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About the Site
An Important Force
The rotation of the Earth, combined with the winds that end to blow toward the equator and offshore along the west coast of South America, pushes coastal surface water toward the open ocean and away from the land. Consequently, cold water is drawn up from the oceans depths to replace the warmer displaced surface water. This process is referred to as coastal upwelling. Coastal upwelling processes create regions in the ocean that are biologically highly productive. These condition are favorable to both living things in the ocean and the farmers in the surrounding area.
These cold upwelling contain a copious supply of inorganic nutrients. The upwelling of ocean water brings chemicals into the sunlit layer of the ocean. They are converted to nutrients through photosynthesis for phytoplankton at the bottom of the food chain. The plants are eaten by zooplankton and fish populations, many of which are then consumed by guano birds. These guano birds live off anchoveta, a fish about 17 cm long.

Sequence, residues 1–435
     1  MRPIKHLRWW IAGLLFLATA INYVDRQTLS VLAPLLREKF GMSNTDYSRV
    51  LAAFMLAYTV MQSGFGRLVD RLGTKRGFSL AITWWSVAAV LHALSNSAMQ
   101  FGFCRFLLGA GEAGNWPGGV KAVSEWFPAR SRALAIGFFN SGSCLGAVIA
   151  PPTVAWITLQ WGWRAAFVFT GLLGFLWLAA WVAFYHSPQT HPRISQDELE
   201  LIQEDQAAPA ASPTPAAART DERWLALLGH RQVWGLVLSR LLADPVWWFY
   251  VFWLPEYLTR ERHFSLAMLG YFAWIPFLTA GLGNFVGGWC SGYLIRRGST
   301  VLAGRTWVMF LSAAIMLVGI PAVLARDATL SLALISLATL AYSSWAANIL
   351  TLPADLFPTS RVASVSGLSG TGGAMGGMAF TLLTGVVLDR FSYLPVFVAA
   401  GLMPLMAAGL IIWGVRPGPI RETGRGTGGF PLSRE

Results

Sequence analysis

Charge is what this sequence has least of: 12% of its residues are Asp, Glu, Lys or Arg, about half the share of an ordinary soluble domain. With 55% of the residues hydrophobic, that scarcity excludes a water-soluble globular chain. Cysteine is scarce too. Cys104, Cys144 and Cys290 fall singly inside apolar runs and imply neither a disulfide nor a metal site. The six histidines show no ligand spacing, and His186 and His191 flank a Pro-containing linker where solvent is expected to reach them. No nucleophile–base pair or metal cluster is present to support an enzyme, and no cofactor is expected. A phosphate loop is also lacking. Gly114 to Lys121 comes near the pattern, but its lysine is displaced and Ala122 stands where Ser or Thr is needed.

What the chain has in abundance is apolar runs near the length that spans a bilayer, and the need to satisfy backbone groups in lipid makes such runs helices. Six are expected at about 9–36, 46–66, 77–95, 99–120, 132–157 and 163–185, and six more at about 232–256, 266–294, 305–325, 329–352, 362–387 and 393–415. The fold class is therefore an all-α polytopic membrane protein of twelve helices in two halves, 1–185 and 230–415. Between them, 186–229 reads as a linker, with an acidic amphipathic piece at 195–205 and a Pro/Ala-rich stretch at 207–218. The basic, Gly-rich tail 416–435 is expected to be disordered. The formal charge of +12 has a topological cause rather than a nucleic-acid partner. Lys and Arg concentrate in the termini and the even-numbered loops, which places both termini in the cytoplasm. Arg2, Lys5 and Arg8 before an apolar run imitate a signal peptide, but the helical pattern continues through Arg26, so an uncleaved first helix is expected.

The fish, in turn, support large sea-bird populations, the primary producers for the once flourishing guano fertilizer industry. As the planktons die, however, they sink down into the deeper, colder water where they decay and replenish the nutrient supply.
Coastal upwelling regions from around the globe make up about 0.1% of the oceans surface area but provide more than 40% of all the commercial fish captured globally. The cold water, upwelling along the coast, tends to suppress rain-producing processes in the atmosphere and, as a result, upwelling regions are usually found next to coastal borders.